Now I have tried booking a number of good restaurants in Tokyo and it is difficult with the language barrier, booking from overseas and some restaurants just don’t allow solo dining. So I ended up having the concierge at my hotel (the Intercontinental Tokyo Bay – an amazing hotel, you check out my review here) to arrange a booking at a top quality restaurant of his choice… he chose Yukimura in Azabuan.
The restaurant is located in a small building in Azabu-Juban, however, there’s no sign displayed outside the shop – you’ll have to locate it using the block numbers in the address to find it. They offer a Kaiseki style menu with using ingredients especially ordered in from Kyoto with a focus on specialities from that region. With only a handful of counter seats (10) and one table (a four seater) you do need to book in advanced. The restaurant has 3 Michelin Stars and is considered one the best in Japan.
Its head chef Jun Yukimura needs no introduction, who learned his trade in Kyoto and was previously head chef at none other than Muromachi Wakuden. He retains a hands on role in preparing the food, clearing the plates and interacting with the diners.
The wine menu literally has champagne, beer, white and red which isn’t helpful and doesn’t indicate much variety. I try to ask several times and finally after the staff understand what I am after, they offer a selection of a few half bottle white wines. I settle one that seems to do the trick for the menu to be served.
The aromas with nuances of citrus fruit, floral notes, hazelnuts and honey, the wine flows onto the palate with wonderful flavours of sweet apples, citrus peel and light touches of honey. There is sufficient acid for the seafood and a lovely buttery finish to match. It is sufficient to pair with the dishes and proves to be a nice companion for the evening.
We move on to the first course…
The dish is exciting. It is served in an abalone shell and there are a variety of tasters to whet the appetite. There are three different types of roe (Dried Mullet, Herring and Cod), a selection of root vegetables, abalone, a minnow fish and some black soy beans.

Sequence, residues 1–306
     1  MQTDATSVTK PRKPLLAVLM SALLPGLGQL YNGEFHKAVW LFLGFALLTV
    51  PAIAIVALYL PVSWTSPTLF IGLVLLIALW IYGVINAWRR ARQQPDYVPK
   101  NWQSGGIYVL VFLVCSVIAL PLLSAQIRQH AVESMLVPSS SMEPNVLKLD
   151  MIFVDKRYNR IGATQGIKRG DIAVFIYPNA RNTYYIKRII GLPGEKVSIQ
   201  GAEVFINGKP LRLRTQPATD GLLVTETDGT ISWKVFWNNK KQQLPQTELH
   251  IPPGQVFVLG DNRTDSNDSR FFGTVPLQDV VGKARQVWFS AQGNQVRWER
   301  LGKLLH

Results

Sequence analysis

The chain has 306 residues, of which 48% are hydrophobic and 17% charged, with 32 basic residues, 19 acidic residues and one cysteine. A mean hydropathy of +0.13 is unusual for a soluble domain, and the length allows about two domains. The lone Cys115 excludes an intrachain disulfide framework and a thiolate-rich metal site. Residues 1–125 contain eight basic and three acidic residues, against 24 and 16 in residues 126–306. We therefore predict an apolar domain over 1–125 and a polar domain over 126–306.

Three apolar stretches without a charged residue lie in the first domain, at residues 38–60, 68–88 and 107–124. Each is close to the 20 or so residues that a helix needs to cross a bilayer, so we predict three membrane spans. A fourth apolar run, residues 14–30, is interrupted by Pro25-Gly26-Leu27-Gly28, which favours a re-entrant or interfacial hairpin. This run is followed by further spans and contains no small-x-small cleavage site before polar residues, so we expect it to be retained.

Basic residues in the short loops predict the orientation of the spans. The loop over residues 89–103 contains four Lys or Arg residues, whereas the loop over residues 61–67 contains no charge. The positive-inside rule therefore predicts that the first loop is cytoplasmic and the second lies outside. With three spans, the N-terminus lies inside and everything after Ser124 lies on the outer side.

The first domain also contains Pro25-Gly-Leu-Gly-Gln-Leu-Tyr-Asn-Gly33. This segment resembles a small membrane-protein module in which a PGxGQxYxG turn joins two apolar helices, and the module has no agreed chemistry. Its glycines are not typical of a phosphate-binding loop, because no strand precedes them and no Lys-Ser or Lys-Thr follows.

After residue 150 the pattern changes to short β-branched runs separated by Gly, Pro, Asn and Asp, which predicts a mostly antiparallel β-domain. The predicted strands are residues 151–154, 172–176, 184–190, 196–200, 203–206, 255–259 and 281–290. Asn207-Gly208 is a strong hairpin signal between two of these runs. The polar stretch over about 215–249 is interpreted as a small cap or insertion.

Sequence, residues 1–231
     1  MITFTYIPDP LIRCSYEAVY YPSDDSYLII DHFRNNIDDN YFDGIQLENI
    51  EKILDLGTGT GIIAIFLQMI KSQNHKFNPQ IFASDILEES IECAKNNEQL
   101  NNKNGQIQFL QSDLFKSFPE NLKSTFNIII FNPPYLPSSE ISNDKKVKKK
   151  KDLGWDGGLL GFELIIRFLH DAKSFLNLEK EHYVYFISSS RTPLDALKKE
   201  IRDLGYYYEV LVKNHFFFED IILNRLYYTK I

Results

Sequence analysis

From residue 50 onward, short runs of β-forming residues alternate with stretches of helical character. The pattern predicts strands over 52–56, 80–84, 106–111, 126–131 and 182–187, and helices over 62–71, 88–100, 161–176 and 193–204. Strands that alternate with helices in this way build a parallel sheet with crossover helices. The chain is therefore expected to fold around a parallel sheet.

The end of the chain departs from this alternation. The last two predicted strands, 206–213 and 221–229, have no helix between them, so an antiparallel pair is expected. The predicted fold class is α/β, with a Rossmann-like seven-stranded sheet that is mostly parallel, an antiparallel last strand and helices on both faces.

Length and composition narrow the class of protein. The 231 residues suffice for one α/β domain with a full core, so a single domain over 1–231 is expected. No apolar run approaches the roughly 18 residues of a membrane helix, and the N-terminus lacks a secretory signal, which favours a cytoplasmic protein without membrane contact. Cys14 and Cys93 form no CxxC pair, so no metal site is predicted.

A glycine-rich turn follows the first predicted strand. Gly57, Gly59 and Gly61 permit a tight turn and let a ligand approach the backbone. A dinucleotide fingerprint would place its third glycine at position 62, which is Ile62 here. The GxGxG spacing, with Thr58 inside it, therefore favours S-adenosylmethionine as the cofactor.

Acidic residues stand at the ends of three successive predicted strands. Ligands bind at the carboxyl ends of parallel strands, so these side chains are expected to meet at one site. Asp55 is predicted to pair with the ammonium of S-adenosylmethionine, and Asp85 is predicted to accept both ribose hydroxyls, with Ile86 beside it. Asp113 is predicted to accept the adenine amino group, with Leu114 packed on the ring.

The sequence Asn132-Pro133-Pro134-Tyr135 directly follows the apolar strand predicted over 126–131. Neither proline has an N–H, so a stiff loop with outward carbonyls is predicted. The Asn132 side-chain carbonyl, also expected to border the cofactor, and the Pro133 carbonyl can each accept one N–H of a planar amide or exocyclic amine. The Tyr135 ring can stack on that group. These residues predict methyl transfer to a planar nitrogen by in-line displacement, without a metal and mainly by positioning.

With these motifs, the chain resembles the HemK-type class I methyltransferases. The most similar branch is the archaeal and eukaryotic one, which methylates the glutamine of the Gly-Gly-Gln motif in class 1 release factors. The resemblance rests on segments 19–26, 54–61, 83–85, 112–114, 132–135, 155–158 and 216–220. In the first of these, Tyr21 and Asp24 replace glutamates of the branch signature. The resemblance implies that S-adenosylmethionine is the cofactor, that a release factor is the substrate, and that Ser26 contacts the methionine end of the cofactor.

The roes are rich and salty with a strong impressive flavour. The dried mullet roe unleashes a particularly lengthy flavour which lingers on the palate. The grainy texture of the roe makes it a delight on the mouth. The abalone with its chewy texture proves a truly amazing delight to eat while the minnow fish is flavoursome but can’t compete with the roe and abalone on strength of flavour. The root vegetables and soy beans prove lovely palate cleansers.
Koubakogani and Chawanmushi
Queen Snow Crab with Roe, Arrowhead Chips and Sea Urchin Roe in steamed Egg Custard
The custard has a lovely creamy sensuous texture but the flavour of the sea urchin is just missing in action. I was certainly waiting for it with anticipation but alas it never arrived. The arrowhead chips were crisp and offered a good texture contrast to the custard.
The highlight of this course had to be the Queen snow crab…
This is one of the highlights. The crab is silky, soft and reflective of its full natural flavours, the dish could not put a foot wrong. The roe is rich with a deep flavour and combines beautifully to reinforce the natural flavours of crab. It is a signature taste experience and I savour every bite. I slouch on the counter feeling oh so satisfied.
Next we have a small dish, the Moroko Minnow from Biwa Lake.
The fish has a lovely pleasant smoky flavour with a flavoursome skin and a clean fresh tasting flesh proves an enjoyable experience.
Next we have the White Miso Soup (Mochi, Japanese Radish and Carrot).
The mochi is a rice dumpling of some sort which is really chewy, the soft root vegetables are a delight to eat and the calm, subtle and gentle flavours of miso prove oh so delightful. A nice interlude as we make our way to the Main Course.
The Main Course
The main course is the Snow Crab from Taiza Port In Kyoto.